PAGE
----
The Connection field is set to close as a polite way of warning the browser that the TCP connection is about to be shut down. It's an optional field provided for HTTP/1.1 compliance.
There are also a number of HTTP fields that are commonly used for user authentication
and authorization. We'll introduce them in Chapter 6, Authentication and
Following the header comes the document itself, partially shown in the example. The document's length must match the length given in Content-Length, and its format must match the MIME type given in the Content-Type field.
When you write your own Apache modules, you don't have to worry about all
these fields unless you need to customize them. Apache will fill in the fields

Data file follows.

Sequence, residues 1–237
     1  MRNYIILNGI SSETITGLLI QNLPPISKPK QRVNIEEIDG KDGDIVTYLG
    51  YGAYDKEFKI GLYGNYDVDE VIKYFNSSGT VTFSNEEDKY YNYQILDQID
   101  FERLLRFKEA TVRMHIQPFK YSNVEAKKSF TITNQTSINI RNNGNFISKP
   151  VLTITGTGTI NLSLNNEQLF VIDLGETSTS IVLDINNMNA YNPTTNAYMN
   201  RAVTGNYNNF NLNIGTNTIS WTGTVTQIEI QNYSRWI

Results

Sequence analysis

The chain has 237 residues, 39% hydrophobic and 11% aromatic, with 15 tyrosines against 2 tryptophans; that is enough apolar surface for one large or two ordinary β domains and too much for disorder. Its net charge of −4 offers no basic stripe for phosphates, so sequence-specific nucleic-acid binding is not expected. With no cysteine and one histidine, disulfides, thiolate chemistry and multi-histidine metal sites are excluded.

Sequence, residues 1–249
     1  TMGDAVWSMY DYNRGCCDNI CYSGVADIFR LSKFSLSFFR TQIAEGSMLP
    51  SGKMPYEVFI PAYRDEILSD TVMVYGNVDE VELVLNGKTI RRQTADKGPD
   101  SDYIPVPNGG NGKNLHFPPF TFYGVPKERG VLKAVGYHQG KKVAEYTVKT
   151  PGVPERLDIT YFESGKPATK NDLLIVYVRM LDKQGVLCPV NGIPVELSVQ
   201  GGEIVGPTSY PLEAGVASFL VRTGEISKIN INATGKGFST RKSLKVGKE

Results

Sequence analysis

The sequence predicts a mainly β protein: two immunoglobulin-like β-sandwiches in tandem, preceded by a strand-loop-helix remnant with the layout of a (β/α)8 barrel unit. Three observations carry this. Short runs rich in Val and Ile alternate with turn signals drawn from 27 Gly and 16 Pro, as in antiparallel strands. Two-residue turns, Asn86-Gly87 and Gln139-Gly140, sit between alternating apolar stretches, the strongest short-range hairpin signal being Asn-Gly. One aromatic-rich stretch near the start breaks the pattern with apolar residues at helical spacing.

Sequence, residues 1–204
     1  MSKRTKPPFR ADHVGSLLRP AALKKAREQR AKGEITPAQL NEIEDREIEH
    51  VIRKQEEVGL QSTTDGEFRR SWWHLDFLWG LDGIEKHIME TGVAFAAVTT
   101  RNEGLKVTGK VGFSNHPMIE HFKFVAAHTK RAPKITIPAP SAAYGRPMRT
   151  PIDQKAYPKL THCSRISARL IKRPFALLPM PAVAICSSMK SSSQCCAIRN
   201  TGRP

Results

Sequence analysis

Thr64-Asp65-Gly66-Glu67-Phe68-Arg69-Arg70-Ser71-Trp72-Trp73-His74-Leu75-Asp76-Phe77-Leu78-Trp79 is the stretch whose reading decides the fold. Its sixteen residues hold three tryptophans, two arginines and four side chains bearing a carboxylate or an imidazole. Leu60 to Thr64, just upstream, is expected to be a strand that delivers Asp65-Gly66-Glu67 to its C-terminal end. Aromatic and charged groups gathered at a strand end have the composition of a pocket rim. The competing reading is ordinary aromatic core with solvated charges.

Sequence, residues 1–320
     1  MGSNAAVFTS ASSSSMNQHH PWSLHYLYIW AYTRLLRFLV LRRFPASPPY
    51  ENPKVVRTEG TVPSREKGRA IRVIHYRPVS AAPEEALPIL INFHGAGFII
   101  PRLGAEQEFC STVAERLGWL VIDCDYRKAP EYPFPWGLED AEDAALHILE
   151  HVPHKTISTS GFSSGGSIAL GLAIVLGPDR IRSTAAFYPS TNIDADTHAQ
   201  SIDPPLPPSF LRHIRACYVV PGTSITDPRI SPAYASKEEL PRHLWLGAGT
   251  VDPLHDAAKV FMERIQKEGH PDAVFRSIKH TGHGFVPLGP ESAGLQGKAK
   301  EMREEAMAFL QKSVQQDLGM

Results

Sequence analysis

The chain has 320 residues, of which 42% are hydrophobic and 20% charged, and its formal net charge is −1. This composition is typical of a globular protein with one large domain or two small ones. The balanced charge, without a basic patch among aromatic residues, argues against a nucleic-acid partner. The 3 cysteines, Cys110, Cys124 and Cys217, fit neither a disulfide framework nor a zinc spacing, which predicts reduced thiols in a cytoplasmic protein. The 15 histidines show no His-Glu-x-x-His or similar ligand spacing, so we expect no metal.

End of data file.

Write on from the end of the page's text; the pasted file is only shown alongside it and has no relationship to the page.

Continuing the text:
with reasonable values. Generally you will only need to adjust Content-Type
to suit the type of document your module creates.
1 As of this writing, plans are underway for Apache
Version 2.0 which will include multithreading support on Unix platforms.
2 For various historical and political reasons,
different operating systems have differing ideas of what character constitutes
the end of a line in text files. The HTTP protocol defines the end of a line
to be the character pair represented by ASCII characters 0x0D (carriage return)
and 0x0A (newline). In most ASCII environments, these characters are represented
by the more familiar "\r" and "\n" escape sequences.
3 We actually cheated a bit in the preceding example.
The version of Netscape that we used for the example generates a version of
the If-Modified-Since header that is not compliant with the current
HTTP specification (among other things, it uses a two-digit year that isn't
Y2K-compliant). We edited the field to show the correct HTTP format. Show Contents Go to Top Previous Page Next Page
Copyright © 1999 by O'Reilly & Associates, Inc.